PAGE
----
We cross the street and, using her own indiscernible standards, Evangeline yaps at some dogs, leaves others alone. It’s supposed to be fall, but it’s hot as hell, and she wants some water. I seem to remember the Healing Center used to have water bowls for dogs, but it does no more. Tom disappears—I forget where he goes—and reappears to unbridled enthusiasm. Whether it’s been five minutes or five hours, the dog loves to see him return. Me, too.
The trip back home, I lead Evangeline. We divide our duties that way: Tom led on the way to, I lead on the return from. When we get back to the apartment, the dog’s hair is full of burrs, small buff-colored razor balls that embed themselves and hold on for dear life. Beggar lice, too, fellow travelers on this road of life. She watches me pluck them from her hair, then looks up and licks my nose, grateful. Tomorrow, we will return from an afternoon on Magazine Street and I will have such bad give-downs I’ll get in the bed and sleep until 11:00 the next morning. But, today, I walk to the Healing Center and back, in love with life.
here’s to Creative Synthesis . . .
A couple of days ago, I called Venice, Louisiana the end of the earth. It’s not. It’s the end of the world.
At the time, I did not know Venice’s official nickname was “The End of the World.” Now, having gone and returned, the REM song “It’s the End of the World As We Know It” keeps looping through my brain.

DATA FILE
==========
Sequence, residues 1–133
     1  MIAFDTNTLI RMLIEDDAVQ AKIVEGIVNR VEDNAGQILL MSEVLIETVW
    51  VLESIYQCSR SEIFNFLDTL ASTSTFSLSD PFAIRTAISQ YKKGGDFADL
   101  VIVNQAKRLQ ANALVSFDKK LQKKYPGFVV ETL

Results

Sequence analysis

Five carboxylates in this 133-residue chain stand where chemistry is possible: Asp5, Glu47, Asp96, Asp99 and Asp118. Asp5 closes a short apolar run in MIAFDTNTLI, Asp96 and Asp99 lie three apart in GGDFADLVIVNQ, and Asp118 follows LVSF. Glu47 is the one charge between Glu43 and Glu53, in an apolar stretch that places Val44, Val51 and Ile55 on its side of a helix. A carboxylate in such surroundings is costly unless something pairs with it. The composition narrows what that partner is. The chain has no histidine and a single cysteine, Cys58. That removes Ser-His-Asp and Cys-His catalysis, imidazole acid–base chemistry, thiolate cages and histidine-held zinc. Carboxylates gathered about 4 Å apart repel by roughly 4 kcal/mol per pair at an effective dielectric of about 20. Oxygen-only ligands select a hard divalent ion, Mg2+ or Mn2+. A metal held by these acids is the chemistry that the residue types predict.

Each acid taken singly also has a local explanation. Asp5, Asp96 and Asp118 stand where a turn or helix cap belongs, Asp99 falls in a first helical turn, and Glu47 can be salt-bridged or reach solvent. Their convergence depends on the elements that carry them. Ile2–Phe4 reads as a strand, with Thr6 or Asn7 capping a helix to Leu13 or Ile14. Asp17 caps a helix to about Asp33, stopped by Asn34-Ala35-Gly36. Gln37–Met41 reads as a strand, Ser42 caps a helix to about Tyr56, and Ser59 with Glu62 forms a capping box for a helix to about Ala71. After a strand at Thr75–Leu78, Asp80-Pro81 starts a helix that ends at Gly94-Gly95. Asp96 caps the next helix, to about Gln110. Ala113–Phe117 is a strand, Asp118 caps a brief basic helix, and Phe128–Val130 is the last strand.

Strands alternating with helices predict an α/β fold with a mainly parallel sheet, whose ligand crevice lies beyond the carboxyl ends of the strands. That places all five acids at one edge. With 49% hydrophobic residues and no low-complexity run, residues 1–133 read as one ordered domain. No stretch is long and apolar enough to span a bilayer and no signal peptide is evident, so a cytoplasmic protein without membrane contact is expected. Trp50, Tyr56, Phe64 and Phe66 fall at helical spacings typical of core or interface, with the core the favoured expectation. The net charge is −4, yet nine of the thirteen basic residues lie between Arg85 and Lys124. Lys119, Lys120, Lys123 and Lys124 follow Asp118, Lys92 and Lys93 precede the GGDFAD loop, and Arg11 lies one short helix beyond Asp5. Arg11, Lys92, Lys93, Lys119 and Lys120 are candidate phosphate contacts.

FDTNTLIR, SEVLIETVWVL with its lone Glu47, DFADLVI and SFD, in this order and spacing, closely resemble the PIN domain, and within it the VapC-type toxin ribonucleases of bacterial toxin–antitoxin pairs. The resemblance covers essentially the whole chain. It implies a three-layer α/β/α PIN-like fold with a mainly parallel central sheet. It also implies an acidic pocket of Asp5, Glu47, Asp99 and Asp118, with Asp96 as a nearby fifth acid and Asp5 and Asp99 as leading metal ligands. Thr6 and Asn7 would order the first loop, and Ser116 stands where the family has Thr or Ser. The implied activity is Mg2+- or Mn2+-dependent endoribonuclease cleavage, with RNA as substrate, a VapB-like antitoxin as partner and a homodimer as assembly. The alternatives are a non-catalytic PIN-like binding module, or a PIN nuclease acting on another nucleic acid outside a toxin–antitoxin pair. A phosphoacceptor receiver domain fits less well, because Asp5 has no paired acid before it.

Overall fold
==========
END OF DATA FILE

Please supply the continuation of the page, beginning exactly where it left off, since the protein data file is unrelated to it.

We went to the last community on the Mississippi River you can reach by automobile because of a Eudora Welty short story I read before I turned twenty years old. Thus focused, I did not know we were also traveling to the proximate area of Hurricane Katrina’s landfall. In more ways than linguistically, when I said we were driving to the end of the earth, I underestimated what we were doing.
The drive to Venice begins on an ordinary highway into Belle Chasse and Jefferson Parish. You emerge from the Belle Chasse tunnel and feel you’re underway. The levee appears rather suddenly on the left side of the road, the green hump clearly defined by the boats that rise above it, traveling the river. The Chevron Oak Pointe Plant is precursor of the oil dominance to come. It stinks.